Early detection key to treating mental health in kids

Duane Hicks

One-in-five Ontario children and youth has a mental health problem, according to Children’s Mental Health Ontario.
These disorders range from anxiety, depression, and attention deficit hyperactivity disorder to eating disorders, substance abuse, bipolar disorder, schizophrenia, and even early psychosis.
If left untreated, these disorders could lead to failure at school, conflicts with family, drug abuse, violence, or even suicide.
But the good news is that help is available and treatment does work, said Troy Clink, manager of children’s mental health at Family & Children’s Service here.
May 2-9 is Children’s Mental Health Week, which Clink said is a good opportunity to increase public awareness of the signs of child and youth mental health problems as well as decrease stigma.
Clink said one misconception some members of the public still have is that a person has to have schizophrenia, or something equally extreme, in order to be considered as having a mental health problem.
“It does not have to be as severe as that,” he stressed. “You’ve got kids who are struggling to pay attention, you’ve got kids struggling with life adjustment issues after a divorce.
“Those really present mental health challenges.”
Clink said the reason why children’s mental health really needs to have a voice is because, just as with physical health issues, early detection is important.
“Early detection can really help these kids avoid substance abuse later on and run-ins with the law—quite often jails have a high number of folks with mental health challenges,” he noted.
“That’s what we’re pushing for, a proactive stance to catch things early in kids as opposed to ignoring kids, ignoring the issues and challenges that they’re facing, and just waiting for them to become more and more intense as they get older.”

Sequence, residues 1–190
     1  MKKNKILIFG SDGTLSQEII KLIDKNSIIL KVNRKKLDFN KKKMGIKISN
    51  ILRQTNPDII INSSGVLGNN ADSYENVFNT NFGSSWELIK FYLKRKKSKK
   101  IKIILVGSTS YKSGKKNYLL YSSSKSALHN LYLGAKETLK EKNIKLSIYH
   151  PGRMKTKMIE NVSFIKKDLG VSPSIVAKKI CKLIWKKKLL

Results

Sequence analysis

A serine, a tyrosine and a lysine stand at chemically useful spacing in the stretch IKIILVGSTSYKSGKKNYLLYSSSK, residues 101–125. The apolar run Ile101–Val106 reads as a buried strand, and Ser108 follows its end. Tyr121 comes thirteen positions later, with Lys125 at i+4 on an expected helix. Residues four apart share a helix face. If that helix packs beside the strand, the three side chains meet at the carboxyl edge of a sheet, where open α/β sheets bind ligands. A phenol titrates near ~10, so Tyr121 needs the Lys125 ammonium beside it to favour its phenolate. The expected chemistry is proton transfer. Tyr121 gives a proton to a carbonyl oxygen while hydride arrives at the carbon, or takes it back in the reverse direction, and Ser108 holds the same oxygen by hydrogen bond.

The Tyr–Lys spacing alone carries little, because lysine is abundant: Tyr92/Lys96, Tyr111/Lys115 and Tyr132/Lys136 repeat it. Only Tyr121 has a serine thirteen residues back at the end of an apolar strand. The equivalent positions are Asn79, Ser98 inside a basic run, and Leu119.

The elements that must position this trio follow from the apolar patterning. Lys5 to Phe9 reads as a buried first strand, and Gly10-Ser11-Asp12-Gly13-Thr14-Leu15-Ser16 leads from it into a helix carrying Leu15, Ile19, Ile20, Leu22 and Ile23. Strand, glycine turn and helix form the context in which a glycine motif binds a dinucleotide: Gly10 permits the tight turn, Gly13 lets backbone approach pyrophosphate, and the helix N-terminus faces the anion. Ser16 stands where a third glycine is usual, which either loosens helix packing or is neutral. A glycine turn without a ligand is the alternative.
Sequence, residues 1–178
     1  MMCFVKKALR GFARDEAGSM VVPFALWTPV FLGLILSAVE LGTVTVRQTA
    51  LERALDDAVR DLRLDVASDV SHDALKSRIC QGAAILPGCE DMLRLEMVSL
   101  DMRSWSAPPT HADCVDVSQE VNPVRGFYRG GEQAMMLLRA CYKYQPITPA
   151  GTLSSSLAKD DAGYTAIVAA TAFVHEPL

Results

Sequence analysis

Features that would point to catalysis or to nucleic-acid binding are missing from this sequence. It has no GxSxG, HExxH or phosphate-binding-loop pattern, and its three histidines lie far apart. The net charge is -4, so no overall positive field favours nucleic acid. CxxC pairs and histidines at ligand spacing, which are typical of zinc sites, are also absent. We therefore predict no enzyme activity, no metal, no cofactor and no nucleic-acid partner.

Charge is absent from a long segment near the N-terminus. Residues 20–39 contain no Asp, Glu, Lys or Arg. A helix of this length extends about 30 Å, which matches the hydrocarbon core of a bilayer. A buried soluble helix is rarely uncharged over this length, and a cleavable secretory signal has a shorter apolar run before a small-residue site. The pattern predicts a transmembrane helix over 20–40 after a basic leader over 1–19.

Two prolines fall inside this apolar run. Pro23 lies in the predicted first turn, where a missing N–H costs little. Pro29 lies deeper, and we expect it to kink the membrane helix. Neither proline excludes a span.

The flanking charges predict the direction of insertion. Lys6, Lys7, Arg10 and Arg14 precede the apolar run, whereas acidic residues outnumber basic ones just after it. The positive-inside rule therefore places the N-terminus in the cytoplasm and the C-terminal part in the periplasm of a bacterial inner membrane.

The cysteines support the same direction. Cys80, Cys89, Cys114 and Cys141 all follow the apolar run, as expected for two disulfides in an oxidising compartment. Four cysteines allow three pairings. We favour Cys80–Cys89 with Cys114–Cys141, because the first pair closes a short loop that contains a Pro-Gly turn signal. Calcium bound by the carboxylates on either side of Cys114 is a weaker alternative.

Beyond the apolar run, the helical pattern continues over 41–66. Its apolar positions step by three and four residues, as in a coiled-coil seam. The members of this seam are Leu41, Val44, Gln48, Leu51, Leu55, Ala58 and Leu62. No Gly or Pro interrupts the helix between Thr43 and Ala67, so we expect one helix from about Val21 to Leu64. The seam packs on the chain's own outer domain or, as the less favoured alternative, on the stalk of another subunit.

Clink said times have changed, and a child previously thought to be “oppositional” now may be recognized as having an attention deficit disorder and get the help they need.
“That was never talked about when I was a kid,” he remarked. “So I think a lot of people, because things were missed and the knowledge wasn’t there, really missed out on a lot of success they could have had if someone could have come alongside them and showed them some tools that would allow them to succeed in school.”
Likewise, more people are getting over the stigma of seeking help for mental health issues for themselves and their children.
This has led to a greater demand for mental health services.
Clink said the process to access services at FACS, including children’s mental health services, is as follows:
•Call FACS at 274-7787 and ask to speak to Integrated Services Northwest.
•Case workers will set up an appointment to meet with the family or child, take their information, go through the intake process, and sign consent forms.
•After deciding with the family what program would best suit the child’s needs, case workers then forward that information to the appropriate program manager.
•The program manager then prioritizes the level of severity of the issue, and the child is put on a list to receive counselling.
“The reason we have to have a prioritizing system is because we simply do not have enough counsellors to meet the needs of the Rainy River District,” Clink explained.